This tutorial covers:
Login and type register comp212, which will create your own comp212 subdirectory. For this tutorial, further create a tutorials/01 directory, which will contain any (other) files you're asked to create. You will be expected to keep all your comp212 work in this directory. Do NOT modify the permissions on this directory. Doing so may result in 0's on some assignments.
Using man ls, read about a file's permissions. If you own a file with permissions -rw-r--r--, can your friends read it? Can they write to it? Who can get to your comp212 directory?
Read what the following flags to ls do: -l, -A, -F, -t, -d. What are the permissions for your newly-created personal ~/comp212/?
Use cp -p to copy the file silly.txt from comp212's tutorials/ to your directory while still preserving its august timestamp. Verify to yourself, that your copy doesn't have a newer date.
Use chmod to make your copy of silly.txt file readable by yourself only.
Using alias, how would you abbreviate ll to be shorthand for ls -FlAt? (You can use an abbreviation other than ll if you like.)
Make a symbolic link (ln -s) to this tutorial file in your own directory, called unixtutorial.html. What is an advantage and a disadvantage to symbolic links?
If you haven't already, use chsh to change your shell to tcsh (or, anything besides csh or sh). Linux users including myself may be used to bash. This is a one-time task. See /etc/shells for the full pathname of valid shells. If curious, you can see ~ian/.tcshrc for some tcsh-specific customizations.
In your new shell, what key do you press to repeat previous commands?
In your new shell, what key do you press for filename completion?
Does this same key work in emacs, for filename completion?
An unfortunate fact of life is that programs crash. In Windows, you get the Blue Screen of Death and you usually have to reboot or something. That sucks. (You will notice, many of the labbies have a slight bias against Microsloth. Dr. Nguyen is like the ONLY person in the entire CS department that loves M$.) Anyways, in Unix, you have the option to close these programs without having to reboot or log back in. The command I'm talking about is kill. To use this very powerful command, the computer needs to know just what it is exactly you want dead. This is accomplished by something known as a PID (process identification) number. In Unix, anything that "runs" has a unique number assigned to them. You can find out PIDs using the program top or ps. Once you have the PID of the program you want stopped, you just type kill "PID" ("PID" being the PID of the program you want to kill).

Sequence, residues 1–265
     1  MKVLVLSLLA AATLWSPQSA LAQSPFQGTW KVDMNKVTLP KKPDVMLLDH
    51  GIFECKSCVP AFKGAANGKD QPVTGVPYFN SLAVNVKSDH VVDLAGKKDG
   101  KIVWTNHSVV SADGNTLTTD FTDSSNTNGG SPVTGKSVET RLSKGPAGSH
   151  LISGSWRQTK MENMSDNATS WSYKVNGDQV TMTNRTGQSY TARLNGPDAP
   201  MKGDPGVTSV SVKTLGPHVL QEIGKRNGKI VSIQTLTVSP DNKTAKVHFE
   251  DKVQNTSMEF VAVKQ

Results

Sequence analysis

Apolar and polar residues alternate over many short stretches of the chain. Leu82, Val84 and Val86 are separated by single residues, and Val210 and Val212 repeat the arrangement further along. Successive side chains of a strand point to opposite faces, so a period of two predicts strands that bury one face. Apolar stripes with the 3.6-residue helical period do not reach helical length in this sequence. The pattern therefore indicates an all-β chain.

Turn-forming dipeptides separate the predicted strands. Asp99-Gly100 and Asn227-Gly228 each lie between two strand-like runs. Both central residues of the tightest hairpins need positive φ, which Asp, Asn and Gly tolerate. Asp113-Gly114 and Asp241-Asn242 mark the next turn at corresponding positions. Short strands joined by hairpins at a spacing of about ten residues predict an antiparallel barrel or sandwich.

Ok, another cool thing. Do you know how to copy and paste in unix? Well, in case you didn't, try highlighting some text by using the left mouse button. What you just did is the same as the Copy function in Windoze. Now, go to where you want to paste the text and click the Middle button on the mouse. It should automatically paste what was highlighted. This little feature should aid you when you start programming.
To do: Use >> to append the output of cal 1752 to your answer file. (See the man page to see why the 1752's calendar is strange.
If much of this material is new to you, don't worry. This tutorial covers much more than you need to know for the course. Of course, if you don't understand something, it is up to you to come to us for help. For assistance, you can:
read man pages,
talk with your friends,
gather a few co-perplexed friends and schedule a time with a labby,
see Owlnet handouts,
There isn't as much to say about emacs as there is about Unix. I'll just say that it is the preferred editor of choice for advanced CS classes. Of course, you are allowed to use any editor you want, but most of us labbies are most familiar with emacs. Emacs has evolved a lot since it's beginnings. Many people say it's a bloated program. It does too much. In the spirit of recursive acronyms, emacs was said to mean "Emacs Makes A Computer Slow." Now, though, emacs works fine on modern machines. It is an amazingly configurable program. In fact, you can even read your email or newsgroup postings and more using just emacs. This part of the tutorial will just cover a few basic things. If you want to learn more, check out the owlnet Unix help pages on emacs.